Some drugs may remain potent long after expiration dates
American Council on Science and Health
October 9, 2012
When it comes to perishable food items, consumers often rely on expiration dates to determine when a product will spoil. But does the same rule of thumb hold for labeled expiration dates on medications? Not necessarily, according to a new study published in the Archives of Internal Medicine, which shows that drugs actually stay potent long after the printed expiration date.
Researchers from the California Poison Control System at the University of California San Francisco School of Pharmacy studied eight medications that had expired 28 to 40 years prior to analysis and had not been previously opened. Three tablets or capsules of each drug were analyzed, and the results showed that 12 of the 14 active ingredients in each medication tested were found in concentrations at least 90 percent of the labeled amounts, which is recognized as the minimum level of acceptable potency. The only medications tested whose efficacy had dropped below the 90 percent level were aspirin and amphetamine.
Typical drug expiration dates range from one to five years after their production, but the FDA does not require drug makers to determine how long after that date medications may remain potent. The federal Shelf-Life Extension Program does, however, check long-term stability of federal drug stockpiles and has previously extended expiration dates by more than a year. Based on these analyses and their own research, the authors support broadly extending expiration dates for many drugs.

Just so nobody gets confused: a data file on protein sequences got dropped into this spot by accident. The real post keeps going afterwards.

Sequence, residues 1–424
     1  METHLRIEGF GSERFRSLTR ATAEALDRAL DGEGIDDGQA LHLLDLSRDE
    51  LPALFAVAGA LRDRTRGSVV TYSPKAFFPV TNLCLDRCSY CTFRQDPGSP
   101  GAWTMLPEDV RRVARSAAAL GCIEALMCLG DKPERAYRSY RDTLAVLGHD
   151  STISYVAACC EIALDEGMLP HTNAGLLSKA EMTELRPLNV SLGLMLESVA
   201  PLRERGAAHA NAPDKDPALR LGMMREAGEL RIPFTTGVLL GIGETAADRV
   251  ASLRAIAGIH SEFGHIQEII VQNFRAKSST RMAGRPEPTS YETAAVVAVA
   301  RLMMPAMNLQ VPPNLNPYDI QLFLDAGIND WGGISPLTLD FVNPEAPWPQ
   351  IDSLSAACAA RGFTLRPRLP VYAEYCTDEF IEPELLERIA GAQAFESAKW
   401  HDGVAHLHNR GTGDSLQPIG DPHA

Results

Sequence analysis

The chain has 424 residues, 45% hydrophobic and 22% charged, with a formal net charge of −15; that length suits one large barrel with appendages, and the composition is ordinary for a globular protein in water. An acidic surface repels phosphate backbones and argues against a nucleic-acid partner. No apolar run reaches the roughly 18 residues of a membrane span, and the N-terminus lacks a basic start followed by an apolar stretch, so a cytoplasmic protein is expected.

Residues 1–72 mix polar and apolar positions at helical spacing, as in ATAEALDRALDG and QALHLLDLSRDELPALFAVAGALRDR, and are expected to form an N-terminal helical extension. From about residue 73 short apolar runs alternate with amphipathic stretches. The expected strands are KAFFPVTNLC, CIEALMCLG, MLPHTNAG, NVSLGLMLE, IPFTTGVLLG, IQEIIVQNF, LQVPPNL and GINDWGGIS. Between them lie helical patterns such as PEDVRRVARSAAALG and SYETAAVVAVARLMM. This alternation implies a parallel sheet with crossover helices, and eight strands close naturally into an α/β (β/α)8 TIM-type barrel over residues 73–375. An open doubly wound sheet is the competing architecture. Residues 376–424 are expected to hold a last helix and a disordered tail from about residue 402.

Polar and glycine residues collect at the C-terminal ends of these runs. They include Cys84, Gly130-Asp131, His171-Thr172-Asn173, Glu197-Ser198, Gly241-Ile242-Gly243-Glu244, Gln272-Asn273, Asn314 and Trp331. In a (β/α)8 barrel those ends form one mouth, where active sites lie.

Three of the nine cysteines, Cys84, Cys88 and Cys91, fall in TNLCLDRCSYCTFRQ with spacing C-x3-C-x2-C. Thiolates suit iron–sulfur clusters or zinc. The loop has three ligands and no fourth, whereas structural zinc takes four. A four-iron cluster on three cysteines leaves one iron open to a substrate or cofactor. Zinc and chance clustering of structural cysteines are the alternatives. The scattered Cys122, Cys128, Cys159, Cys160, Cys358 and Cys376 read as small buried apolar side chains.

ACSH’s Dr. Josh Bloom generally agrees and points out that “most medications found in solid (pill or capsule) form remain unchanged long past their expiration date, but this is not the case with liquid medications, since they are much more likely to spoil and lose potency. One exception to this guideline is tetracycline, which can decompose even in the solid state, forming a toxic byproduct.” He continues, “This is not carte blanche to start firing down all kinds of expired pills, but given the cost of drugs, this study is a good start to identifying old medicines that are OK to take yet are being thrown away for no good reason.”